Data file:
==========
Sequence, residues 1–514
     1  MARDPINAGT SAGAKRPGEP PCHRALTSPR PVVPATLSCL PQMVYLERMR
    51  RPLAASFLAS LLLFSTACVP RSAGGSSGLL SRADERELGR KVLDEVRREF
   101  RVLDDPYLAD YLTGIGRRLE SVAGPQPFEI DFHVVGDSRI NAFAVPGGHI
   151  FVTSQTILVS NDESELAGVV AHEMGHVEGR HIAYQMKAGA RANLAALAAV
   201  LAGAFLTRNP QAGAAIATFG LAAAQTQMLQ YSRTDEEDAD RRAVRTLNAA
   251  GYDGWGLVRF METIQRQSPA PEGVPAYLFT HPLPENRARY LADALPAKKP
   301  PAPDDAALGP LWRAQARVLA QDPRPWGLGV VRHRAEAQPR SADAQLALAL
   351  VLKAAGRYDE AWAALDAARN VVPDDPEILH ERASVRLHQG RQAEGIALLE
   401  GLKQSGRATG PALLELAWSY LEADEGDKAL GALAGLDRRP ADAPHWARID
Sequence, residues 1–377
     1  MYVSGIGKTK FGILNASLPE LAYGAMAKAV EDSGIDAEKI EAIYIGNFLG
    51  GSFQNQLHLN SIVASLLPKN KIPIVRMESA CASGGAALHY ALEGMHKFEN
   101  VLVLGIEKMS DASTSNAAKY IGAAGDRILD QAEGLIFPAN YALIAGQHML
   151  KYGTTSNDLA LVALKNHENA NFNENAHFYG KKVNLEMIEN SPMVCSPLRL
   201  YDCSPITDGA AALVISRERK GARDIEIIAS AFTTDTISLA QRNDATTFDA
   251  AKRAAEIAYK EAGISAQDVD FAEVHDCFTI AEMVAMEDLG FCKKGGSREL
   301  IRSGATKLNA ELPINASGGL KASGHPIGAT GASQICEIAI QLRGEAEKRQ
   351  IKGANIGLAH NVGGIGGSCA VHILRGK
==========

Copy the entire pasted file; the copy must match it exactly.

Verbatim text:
Sequence, residues 1–514
     1  MARDPINAGT SAGAKRPGEP PCHRALTSPR PVVPATLSCL PQMVYLERMR
    51  RPLAASFLAS LLLFSTACVP RSAGGSSGLL SRADERELGR KVLDEVRREF
   101  RVLDDPYLAD YLTGIGRRLE SVAGPQPFEI DFHVVGDSRI NAFAVPGGHI
   151  FVTSQTILVS NDESELAGVV AHEMGHVEGR HIAYQMKAGA RANLAALAAV
   201  LAGAFLTRNP QAGAAIATFG LAAAQTQMLQ YSRTDEEDAD RRAVRTLNAA
   251  GYDGWGLVRF METIQRQSPA PEGVPAYLFT HPLPENRARY LADALPAKKP
   301  PAPDDAALGP LWRAQARVLA QDPRPWGLGV VRHRAEAQPR SADAQLALAL
   351  VLKAAGRYDE AWAALDAARN VVPDDPEILH ERASVRLHQG RQAEGIALLE
   401  GLKQSGRATG PALLELAWSY LEADEGDKAL GALAGLDRRP ADAPHWARID
Sequence, residues 1–377
     1  MYVSGIGKTK FGILNASLPE LAYGAMAKAV EDSGIDAEKI EAIYIGNFLG
    51  GSFQNQLHLN SIVASLLPKN KIPIVRMESA CASGGAALHY ALEGMHKFEN
   101  VLVLGIEKMS DASTSNAAKY IGAAGDRILD QAEGLIFPAN YALIAGQHML
   151  KYGTTSNDLA LVALKNHENA NFNENAHFYG KKVNLEMIEN SPMVCSPLRL
   201  YDCSPITDGA AALVISRERK GARDIEIIAS AFTTDTISLA QRNDATTFDA
   251  AKRAAEIAYK EAGISAQDVD FAEVHDCFTI AEMVAMEDLG FCKKGGSREL
   301  IRSGATKLNA ELPINASGGL KASGHPIGAT GASQICEIAI QLRGEAEKRQ
   351  IKGANIGLAH NVGGIGGSCA VHILRGK